Pinkava's life is chracteristic of that section of his generation which had never identified itself with the communist vision of a brighter tomorrow. This is the source of Křesadlo's almost obsessive distaste for Milan Kundera's view that the "better half" of the nation enthusiastically joined in the Marxist-Leninist ideology (Kniha smíchu a zapomění) and this is the source of the evaluative expressions "Stalinist Nightingale". He quite justifiably considered himself and those like himself to be the "better half" and this is the point of departure for his works.

His life experience together with his creative inventiveness and extensive reading are the fertile soil from which such interesting work grew. Křesadlo's entry onto the literary scene is marked by a number of handicaps. He made his debut as a prose writer at the age of 58 when others of his generation were already well settled and entrenched in their literary positions. He was an educated traditionalist who felt the link between the wrod art and artisan (n. a skilleed workman; craftsman), he valued the craft of literature - and he was master of it. What is more, he had what I call " the talent to horrify": he saw things as they are, not the way they should be. He knew about strange behaviour in abnormal situations, he wrote of unbridled passions, of the loss of common inhibitions, he was provocative in creating an atmosphere of looseness and the fall of social standards. The World Order is refuted, it turns int grotesque" The apparently closely familiar world is suddenly unmasked as strange and dishonest, the existing sense of direction fails and the curtain rises on the bizarre theatre of reality. Among the motifs of the grotesque are madmen and individuals who are mentally disturbed, there are anthropomorphic monsters, fantastic animals, mutants, in whom the features of various real life creatures are combined.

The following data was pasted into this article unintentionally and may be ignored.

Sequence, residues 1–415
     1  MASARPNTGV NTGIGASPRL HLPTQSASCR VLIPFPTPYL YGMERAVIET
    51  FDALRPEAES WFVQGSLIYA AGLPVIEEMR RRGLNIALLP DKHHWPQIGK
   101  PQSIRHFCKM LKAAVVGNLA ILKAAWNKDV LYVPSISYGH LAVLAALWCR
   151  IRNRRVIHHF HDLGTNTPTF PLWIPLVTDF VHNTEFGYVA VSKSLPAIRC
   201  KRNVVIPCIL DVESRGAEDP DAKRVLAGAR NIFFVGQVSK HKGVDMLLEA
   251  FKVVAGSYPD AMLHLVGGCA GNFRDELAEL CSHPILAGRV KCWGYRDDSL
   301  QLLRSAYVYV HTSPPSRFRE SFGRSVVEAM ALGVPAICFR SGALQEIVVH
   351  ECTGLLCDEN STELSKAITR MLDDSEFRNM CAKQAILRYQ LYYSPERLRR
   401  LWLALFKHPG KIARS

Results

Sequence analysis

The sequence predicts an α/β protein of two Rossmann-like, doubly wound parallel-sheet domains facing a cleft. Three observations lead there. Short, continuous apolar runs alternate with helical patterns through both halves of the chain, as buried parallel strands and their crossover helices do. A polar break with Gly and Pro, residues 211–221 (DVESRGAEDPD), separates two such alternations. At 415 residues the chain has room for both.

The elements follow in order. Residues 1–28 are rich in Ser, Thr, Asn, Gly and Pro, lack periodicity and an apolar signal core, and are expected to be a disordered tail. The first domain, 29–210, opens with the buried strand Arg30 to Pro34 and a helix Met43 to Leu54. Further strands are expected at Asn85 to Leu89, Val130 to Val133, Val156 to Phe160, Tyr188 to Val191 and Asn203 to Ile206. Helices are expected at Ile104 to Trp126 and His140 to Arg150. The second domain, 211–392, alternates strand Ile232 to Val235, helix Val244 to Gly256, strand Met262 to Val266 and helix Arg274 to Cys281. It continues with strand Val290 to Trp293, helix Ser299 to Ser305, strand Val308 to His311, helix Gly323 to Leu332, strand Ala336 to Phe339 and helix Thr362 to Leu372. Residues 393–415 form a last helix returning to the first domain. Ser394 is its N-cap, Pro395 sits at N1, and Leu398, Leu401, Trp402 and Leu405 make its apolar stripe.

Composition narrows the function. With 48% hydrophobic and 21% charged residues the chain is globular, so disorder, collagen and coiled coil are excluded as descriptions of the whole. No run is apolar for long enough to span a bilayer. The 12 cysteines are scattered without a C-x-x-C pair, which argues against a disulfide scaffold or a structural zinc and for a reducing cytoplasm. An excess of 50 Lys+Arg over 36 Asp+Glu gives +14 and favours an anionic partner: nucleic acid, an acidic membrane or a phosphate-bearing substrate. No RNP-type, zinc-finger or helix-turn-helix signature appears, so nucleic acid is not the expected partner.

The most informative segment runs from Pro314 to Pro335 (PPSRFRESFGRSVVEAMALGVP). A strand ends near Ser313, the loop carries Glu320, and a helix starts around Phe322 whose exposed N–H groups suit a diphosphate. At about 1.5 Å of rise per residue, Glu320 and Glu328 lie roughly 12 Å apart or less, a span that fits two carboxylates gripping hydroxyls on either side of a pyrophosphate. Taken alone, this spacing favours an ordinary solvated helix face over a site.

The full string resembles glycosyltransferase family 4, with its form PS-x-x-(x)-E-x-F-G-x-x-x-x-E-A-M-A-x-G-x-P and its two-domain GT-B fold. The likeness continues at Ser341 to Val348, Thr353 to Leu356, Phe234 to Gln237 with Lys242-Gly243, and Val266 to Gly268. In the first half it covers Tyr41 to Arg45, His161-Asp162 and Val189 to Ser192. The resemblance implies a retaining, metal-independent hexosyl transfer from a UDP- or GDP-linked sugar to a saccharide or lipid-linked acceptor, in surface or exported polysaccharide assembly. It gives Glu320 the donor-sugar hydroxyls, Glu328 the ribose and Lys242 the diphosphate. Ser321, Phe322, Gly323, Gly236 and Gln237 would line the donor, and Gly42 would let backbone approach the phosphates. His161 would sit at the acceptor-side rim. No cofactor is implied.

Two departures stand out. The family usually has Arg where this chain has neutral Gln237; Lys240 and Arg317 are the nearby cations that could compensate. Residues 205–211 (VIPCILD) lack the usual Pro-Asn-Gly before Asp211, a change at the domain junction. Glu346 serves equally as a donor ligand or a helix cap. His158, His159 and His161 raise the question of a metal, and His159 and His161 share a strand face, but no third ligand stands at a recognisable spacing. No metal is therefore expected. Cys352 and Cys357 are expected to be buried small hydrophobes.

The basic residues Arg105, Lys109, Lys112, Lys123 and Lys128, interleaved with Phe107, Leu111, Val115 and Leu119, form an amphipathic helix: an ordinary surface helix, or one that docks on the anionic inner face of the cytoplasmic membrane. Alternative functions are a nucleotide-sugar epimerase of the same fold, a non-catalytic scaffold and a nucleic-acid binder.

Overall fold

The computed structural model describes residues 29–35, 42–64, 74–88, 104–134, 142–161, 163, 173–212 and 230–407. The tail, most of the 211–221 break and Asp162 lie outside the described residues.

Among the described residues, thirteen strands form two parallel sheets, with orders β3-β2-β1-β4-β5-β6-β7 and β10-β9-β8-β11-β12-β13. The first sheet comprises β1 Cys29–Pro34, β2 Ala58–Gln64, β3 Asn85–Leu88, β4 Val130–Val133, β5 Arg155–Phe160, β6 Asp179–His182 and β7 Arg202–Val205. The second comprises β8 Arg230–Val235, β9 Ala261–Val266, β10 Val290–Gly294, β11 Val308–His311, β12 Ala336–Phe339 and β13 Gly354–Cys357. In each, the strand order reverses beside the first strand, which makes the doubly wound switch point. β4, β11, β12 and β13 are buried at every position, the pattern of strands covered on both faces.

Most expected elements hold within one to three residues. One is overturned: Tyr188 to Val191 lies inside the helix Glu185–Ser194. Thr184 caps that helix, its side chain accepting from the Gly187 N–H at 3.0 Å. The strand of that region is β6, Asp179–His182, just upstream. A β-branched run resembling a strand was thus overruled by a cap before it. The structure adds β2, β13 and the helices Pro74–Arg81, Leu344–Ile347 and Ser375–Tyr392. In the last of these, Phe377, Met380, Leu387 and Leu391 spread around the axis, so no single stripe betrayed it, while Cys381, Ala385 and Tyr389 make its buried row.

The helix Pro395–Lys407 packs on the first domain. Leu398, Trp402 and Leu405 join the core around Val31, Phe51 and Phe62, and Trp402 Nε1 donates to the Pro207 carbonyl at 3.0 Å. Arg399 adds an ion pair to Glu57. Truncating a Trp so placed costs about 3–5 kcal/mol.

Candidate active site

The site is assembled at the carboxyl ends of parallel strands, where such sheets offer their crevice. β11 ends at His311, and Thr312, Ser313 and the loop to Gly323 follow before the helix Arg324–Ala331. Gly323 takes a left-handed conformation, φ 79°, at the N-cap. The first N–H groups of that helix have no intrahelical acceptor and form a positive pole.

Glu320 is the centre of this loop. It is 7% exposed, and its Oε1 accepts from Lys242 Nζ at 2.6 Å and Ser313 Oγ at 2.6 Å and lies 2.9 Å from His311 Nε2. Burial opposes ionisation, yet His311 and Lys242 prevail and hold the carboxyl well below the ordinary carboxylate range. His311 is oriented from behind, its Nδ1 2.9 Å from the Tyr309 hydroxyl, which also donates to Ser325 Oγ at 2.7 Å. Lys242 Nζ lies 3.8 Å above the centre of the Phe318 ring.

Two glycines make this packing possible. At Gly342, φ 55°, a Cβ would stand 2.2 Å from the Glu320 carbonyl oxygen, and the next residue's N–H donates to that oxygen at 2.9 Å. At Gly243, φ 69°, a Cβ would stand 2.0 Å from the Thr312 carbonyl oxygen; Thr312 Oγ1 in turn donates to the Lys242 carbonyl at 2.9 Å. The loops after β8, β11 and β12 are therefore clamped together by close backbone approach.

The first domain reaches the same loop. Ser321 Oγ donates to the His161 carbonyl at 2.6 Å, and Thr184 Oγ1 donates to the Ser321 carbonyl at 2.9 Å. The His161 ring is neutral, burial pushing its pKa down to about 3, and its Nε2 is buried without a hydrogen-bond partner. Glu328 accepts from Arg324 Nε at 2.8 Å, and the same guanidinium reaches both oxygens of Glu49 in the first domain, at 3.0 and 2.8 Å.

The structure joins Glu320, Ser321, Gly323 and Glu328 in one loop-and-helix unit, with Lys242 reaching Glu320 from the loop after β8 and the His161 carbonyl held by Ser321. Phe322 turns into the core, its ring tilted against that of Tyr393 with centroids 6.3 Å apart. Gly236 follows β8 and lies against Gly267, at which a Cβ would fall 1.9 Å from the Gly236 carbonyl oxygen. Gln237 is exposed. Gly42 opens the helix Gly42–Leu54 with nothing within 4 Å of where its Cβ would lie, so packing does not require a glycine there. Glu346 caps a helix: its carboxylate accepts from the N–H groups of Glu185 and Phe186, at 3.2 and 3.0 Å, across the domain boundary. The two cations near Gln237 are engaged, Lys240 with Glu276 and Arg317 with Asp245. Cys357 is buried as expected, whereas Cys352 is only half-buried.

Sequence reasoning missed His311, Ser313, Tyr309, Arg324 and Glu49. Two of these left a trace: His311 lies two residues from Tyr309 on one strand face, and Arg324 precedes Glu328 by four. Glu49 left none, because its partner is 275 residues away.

I would also like to mention a problem which has sometimes caused Křesadlo to be excluded from the ranks of Czech literature - it is the frequent motif of overexposed sex. Tha majority of critics fail to notice that in Křesadlo's work these moments are always a method for parody and radical irony. perversions, ritual sex, the whole palette of sexual deviations are for the author a fundamental metaphor for the failing of tried and tested conservative values and social instinct, a metaphor for barbarism, upheaval and chaos. Křesadlo was a moralist in the best sense of the word. Unusual sexual practices - as he called them - were a tool for ridiculing the semantically empty segments, always the subject of bitter parody. His rejections of cheap sentimental optimism, his distanced sarcasm, his biterness over socierty's rejection of wisdom - these are the reasons why Křesadlo destroys, why he violates the accepted codes of communication with intentional non-conformism. Křesadlo's insane world of fanatics and demagogues is deviant and extreme. The grotesque smashes the universal image of communist progress.

Radical eclecticism is a frequent element in Křesadlo's texts: his own personal experience of life combines with his knowledge stemming from extensive and indepth reading. The result is a text similar to the palimpsest of the Middle Ages. When the scribe scraped the original text off the parchment and then wrote his new text over it, the old text could still be seen behind the new. Similarly, in Křesadlo's works it is impossible to distinguish clearly between the elements of other works of literature and the author's own. The author himself continually comments on this syncretic structure, thus forcing the reader to notice it. he makes him play with meaning, search for it, ponder. Frequently Křesadlo imagines how he himself might have written someone else's text - and sometimes he also does so. For example he had read Fischl's idyll Kuropění and he wrote his own version of the life of the country doctor in the novel Zámecký pán aneb Antikuro.

When the reader enters the bizarre world that is Křesadlo's prose (a total of thirteen books have been published in the period 1984 -1996) he may well at first feel himself buried under a mound of examples of strange behavious in abnormal situations. The deeper he delves into that world, however, the more it will fascinate him. he will be able to appreciate how the wonderful narrative diverges into numerous digressions, how the author both entertains and torments him, and how he tactfully educates him. It is unfortunate that the reader only has access to a small selection of Křesadlo's poetry and that the exceptional translation of Seifert's Věnec Sonetů into English is so difficult to come by.

In conclusion I would like to express my hope -which is supported by the interest shown by my students - that the band of the "happy few" fans of Křesadlo's work will continue to grow and that you will also find your way to enjoy his legacy.

Dr. H. Kupcová, Charles University, Prague

translation by Eva Pinkavová